Density:  We are proposing 40 units, however the site's zoning provides for up to 74 units without a variance.Volume:  Proposed building volume (gross square footage) is less than 90,000 gsf -- within the zoning standard.  Height:  The site zoning provides 42’ for building height.  The zoning also provides for the possible granting of a “conditional use permit” or C.U.P. for added height.  We are requesting 17' of added height, for a total building height of 59'.  A C.U.P. is an integral part of the zoning code itself.  Contrary to common belief, not all zoning requirements are necessarily fixed.  A C.U.P. is a mechanism of zoning law which provides flexibility in determining reasonable height limitations, etc.
Does the project also meet the standards imposed by the overlay district?     The project meets the requirements of the Linden Hills overlay district with one exception, the overlay limits the setback of the building to not more than 8' from the front property lines.  As part of Linden Corner's architectural interest, and to facilitate an outdoor sidewalk patio for the restaurant, there are segments of the building that set back more than 8' from the front lines.   
So it's not that NIMBYism is preventing density exactly. The developers don't want to build as densely as allowed and are proposing more parking that required. They could redesign the site, but don't want to do that. It's complicated.
 *Special game since it is National Grammar Day. Find where the Oxford Comma should go in the StarTribune text!


Chris Bradford said...

" . . . thus the region is just as well off as had the development occurred in the original location"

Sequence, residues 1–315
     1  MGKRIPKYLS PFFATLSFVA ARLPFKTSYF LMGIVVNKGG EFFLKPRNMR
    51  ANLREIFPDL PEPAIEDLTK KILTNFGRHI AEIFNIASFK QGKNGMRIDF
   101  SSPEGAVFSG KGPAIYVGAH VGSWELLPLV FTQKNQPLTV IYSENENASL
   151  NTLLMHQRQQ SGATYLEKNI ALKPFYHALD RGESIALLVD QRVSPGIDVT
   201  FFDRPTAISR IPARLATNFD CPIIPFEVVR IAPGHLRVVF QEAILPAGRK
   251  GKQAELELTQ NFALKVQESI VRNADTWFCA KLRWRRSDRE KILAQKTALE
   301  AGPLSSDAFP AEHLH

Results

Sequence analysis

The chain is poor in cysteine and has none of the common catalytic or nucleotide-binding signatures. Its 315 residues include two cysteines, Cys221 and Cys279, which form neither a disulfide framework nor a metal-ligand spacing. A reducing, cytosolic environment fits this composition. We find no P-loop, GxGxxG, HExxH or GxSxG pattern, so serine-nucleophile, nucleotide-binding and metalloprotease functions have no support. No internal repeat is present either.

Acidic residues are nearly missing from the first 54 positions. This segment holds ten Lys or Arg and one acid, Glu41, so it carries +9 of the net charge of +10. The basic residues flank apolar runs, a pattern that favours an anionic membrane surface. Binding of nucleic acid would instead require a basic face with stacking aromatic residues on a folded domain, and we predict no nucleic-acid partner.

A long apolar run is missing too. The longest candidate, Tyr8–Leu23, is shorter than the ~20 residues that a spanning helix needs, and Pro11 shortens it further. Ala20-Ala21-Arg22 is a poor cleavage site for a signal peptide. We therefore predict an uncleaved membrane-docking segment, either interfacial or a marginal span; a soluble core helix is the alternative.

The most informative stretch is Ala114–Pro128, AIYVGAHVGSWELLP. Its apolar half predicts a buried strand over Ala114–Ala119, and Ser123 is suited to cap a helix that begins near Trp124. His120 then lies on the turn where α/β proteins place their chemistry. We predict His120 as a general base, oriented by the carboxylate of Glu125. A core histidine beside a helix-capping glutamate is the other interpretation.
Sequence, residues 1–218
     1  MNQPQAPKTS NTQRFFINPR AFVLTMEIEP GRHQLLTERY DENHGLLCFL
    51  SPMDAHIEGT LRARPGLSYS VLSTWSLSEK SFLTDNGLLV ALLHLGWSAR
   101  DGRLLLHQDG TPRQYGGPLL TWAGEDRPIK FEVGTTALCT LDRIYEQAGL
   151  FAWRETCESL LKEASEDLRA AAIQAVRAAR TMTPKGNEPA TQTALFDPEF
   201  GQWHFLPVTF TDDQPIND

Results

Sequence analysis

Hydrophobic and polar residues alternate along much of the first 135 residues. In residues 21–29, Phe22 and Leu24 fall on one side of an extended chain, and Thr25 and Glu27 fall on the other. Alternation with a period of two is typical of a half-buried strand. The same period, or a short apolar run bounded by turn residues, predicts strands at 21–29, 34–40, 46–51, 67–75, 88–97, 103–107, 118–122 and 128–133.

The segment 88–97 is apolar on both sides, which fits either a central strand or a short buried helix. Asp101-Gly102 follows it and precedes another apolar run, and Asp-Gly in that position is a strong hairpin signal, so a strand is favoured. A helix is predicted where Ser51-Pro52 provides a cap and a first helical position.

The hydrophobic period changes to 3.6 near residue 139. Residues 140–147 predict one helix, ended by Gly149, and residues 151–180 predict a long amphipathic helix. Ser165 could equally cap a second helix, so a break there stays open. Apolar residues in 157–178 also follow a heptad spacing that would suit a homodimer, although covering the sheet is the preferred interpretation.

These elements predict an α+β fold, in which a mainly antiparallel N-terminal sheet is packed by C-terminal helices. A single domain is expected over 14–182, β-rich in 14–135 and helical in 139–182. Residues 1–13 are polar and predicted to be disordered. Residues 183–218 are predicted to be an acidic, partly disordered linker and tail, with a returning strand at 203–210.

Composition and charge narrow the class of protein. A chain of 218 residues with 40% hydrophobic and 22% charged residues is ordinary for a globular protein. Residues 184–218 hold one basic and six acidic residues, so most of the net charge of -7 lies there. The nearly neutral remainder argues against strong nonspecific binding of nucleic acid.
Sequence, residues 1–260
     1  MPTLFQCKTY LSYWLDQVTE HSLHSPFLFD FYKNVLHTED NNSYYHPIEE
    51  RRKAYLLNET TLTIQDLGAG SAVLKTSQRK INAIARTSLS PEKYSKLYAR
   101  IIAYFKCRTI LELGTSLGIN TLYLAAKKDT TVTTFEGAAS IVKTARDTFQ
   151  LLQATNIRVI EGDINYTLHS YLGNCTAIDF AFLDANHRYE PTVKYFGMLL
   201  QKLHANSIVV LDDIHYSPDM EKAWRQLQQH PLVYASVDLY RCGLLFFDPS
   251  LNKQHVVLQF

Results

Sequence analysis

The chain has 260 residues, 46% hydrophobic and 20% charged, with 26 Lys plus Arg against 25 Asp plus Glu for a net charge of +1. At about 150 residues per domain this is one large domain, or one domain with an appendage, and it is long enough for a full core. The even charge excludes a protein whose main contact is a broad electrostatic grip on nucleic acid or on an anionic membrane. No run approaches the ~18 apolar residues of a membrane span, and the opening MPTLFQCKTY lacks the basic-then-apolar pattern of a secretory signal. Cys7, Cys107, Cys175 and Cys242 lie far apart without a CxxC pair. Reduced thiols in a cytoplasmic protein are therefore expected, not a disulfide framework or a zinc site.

That depends, doesn't it? There can be agglomeration benefits to density. Moreover, they can be quite specific to place. Adding the mixed-use retail and cafe/patio and a handful more people to the street might make the area more pleasant for the existing residents; it might stimulate other cafes to open; etc. (I have no idea -- I know nothing about the region or the project, I'm just supposing for supposing's sake. I gather many of the neighbors don't subscribe to the "agglomeration benefits" model of urban development.)

If there are agglomeration benefits, then it's a net loss to the region if the project relocates somewhere where it doesn't have agglomeration benefits.

Unrelated point: it's weird the developer can't get in his units in the allowable space without going above the height limit. It sounds like some of the development regulations might be "out of tune."

Unknown said...

This project is actually proposing to replace some existing restaurants with other restaurants, plus add some commercial. There is already a nicely scaled mixed use district in place, so part of why this is proposed where it is proposed is precisely because of the developer's interest in building more of what is already there. The neighbors do appreciate what is there, they also want to protect against the negative externalities stemming from additional density (traffic, noise, trash, etc.). The neighbors certainly don't want to become any more of a destination neighborhood than they already are.

As for such local level agglomeration benefits, they will occur whether this development happens in this location or another location within the region. The region will be equally well off. If two cafes open next to each other or two cafes open across town from each other, then so long as the demand for cafes is two the region is equally well off. An entertainment district does not necessarily increase the amount of entertainment consumed. Rather, it shifts the entertainment consumed from other locations or spending. The most blatant examples of these effects are sports stadia and arenas, which do not exhibit regional agglomeration benefits, though the effects are found at much smaller scales as well.

As for the developer, it seems that they could build something that conforms with existing zoning that is similar to what is proposed. I'm not sure why the project is likely to be dropped rather than altered.